The Last Trace is a novella of The Chosen and tells the story of Trace Pierre Tasman, an 1800s mountain man stalked by a blood-drinking ‘she-demon’. His story continues in Without a Trace, scheduled for release in Fall 2012. The Last Trace is available as an e-book, and will be available in paperback in March – oh, and it’s the free e-book you’ll receive when you answer the question at the bottom of this post!

The Seduction and The Monster’s Growl are the first two tales in the Monsters in the Machines short story collection and are available as e-books. The third story in the collection, Hellbound Train, will be available in Summer 2012.

My young adult series, Forbidden Doorways, is currently in development. The first novel, Finding the Key, will be available in 2013. A short story from the series, Fur Before Feathers, tells the tale of a young shapeshifter learning to shift, and can be found in the 2010 anthology, I Dreamed a Crooked Dream.

More information on my works, as well as excerpts, can be found on my website, www.rohmorgon.com, and at Dark Dreams Publishing. And if you want to know a little bit more about me, you can check out my writer’s bio!

Now, for the question I’ve been promising you:

Who is your favorite vampire in literature or film (or both!)?

Include your answer in a comment, as well as your preferred e-book format (Kindle, Nook, etc) and I’ll send you an e-book copy of The Last Trace.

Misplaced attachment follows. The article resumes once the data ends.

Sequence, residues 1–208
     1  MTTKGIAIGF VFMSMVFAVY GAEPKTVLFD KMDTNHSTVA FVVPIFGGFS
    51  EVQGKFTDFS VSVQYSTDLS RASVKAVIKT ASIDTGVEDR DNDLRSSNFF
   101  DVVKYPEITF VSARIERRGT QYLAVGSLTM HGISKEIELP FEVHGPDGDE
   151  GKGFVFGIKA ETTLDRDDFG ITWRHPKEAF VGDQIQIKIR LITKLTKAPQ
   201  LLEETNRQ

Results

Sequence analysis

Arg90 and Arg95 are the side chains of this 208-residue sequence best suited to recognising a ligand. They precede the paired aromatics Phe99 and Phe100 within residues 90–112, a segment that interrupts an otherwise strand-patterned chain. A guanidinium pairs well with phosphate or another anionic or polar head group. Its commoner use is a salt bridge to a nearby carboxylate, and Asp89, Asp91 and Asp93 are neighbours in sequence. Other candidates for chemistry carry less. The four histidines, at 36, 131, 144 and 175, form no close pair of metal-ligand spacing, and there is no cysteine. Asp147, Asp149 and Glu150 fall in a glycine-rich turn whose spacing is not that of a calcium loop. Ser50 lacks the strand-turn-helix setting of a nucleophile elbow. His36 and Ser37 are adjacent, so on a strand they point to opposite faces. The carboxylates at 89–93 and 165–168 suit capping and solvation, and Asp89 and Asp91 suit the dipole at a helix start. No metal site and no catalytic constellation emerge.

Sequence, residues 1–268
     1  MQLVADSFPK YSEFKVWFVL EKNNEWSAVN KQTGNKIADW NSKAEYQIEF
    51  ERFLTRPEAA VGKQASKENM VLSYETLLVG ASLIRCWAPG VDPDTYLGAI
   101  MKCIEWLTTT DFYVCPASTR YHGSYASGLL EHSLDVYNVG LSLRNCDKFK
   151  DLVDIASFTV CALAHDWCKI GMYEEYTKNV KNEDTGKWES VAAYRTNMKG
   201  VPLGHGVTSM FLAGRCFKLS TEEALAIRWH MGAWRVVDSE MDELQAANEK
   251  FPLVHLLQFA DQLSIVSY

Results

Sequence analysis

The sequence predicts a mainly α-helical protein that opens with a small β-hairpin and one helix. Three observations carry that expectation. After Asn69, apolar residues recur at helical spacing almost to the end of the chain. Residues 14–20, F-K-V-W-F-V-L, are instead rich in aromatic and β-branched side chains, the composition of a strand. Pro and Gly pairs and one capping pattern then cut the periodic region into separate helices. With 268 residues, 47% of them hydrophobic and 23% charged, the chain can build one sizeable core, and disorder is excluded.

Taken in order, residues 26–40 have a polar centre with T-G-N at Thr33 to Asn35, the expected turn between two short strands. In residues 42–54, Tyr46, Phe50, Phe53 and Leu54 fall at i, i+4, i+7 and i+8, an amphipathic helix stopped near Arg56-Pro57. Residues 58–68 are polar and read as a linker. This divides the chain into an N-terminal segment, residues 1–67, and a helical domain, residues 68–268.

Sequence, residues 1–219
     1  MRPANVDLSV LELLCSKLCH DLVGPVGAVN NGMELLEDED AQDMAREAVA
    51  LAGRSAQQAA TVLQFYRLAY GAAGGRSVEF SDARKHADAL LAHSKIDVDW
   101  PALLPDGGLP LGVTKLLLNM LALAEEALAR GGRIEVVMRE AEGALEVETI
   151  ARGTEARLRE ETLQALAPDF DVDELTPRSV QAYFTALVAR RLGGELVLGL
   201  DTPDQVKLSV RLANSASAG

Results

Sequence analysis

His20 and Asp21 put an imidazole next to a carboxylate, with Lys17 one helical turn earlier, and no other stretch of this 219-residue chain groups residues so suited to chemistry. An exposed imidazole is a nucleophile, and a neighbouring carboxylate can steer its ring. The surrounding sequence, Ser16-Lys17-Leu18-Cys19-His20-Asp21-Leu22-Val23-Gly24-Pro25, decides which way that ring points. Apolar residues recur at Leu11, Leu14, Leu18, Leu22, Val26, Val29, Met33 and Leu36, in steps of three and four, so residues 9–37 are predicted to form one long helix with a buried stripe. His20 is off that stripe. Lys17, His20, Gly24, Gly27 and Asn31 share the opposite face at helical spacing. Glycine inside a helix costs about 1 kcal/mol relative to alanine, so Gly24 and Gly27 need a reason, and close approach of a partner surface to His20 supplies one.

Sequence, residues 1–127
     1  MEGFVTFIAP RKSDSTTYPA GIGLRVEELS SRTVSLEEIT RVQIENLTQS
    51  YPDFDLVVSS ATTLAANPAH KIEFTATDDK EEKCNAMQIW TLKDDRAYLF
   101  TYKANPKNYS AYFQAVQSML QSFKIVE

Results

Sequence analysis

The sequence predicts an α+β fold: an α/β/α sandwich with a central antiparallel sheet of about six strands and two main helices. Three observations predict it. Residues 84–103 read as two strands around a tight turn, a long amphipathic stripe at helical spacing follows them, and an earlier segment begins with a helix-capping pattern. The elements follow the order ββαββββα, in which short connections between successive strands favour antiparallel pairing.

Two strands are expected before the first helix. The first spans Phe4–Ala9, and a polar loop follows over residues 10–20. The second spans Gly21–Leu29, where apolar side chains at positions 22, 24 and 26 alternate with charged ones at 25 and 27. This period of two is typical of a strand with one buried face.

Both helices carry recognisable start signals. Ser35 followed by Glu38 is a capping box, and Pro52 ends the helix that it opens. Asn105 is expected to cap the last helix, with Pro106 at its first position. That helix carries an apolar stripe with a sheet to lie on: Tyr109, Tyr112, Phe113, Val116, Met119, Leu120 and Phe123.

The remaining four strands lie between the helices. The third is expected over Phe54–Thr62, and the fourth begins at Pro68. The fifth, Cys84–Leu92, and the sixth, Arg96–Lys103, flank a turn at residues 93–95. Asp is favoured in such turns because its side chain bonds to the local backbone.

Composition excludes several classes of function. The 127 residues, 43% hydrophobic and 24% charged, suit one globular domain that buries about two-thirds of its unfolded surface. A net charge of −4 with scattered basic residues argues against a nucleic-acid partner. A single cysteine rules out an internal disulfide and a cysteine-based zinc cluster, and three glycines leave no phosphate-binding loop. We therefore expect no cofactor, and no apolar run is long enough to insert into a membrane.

And as I mentioned before, everyone who leaves a comment will be entered into a drawing for a free e-book copy of Watcher: Book I of The Chosen.

Thanks for stopping by my blog, and be sure to check out some of the other bloggers participating in the Bloody Hearts Blog Hop.

Oh, and Happy Valentine’s Day!

roh morgon @ Monday, 13 February 2012 5:20 am
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~bloody hearts blog hop

And now, we return to our regular programming…
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Bloody Hearts Blog Hop

The *Snowfest* Blogfest was a nice departure from the dark fantasy in which I usually dwell. I thought the topic would appeal to a wider audience, one that doesn’t typically write about blood and death. I was surprised (and pleased) by several entries that definitely stepped over the line of darkness.

For those who enjoy ‘walking on the dark side’, Vamplit Publishing, courtesy of Dark Media City, is hosting a Valentine’s Day event by the name of the Bloody Hearts Blog Hop.  This event takes place Feb 13 & 14 and entails <snicker> visiting the blogs listed on the Hop page, leaving comments, and getting free books.

Sounds hard, right?

The Bloody Hearts Blog Hop is still open to participants, so if you want to list your blog as one of the hot spots to visit, head on over and sign up.

As for what’s happening on my blog during the Hop, I’m asking visitors to list their favorite vampire in literature or film (or both!) in a comment on Feb 13 or 14. Those who do so will each receive a free ebook copy of The Last Trace.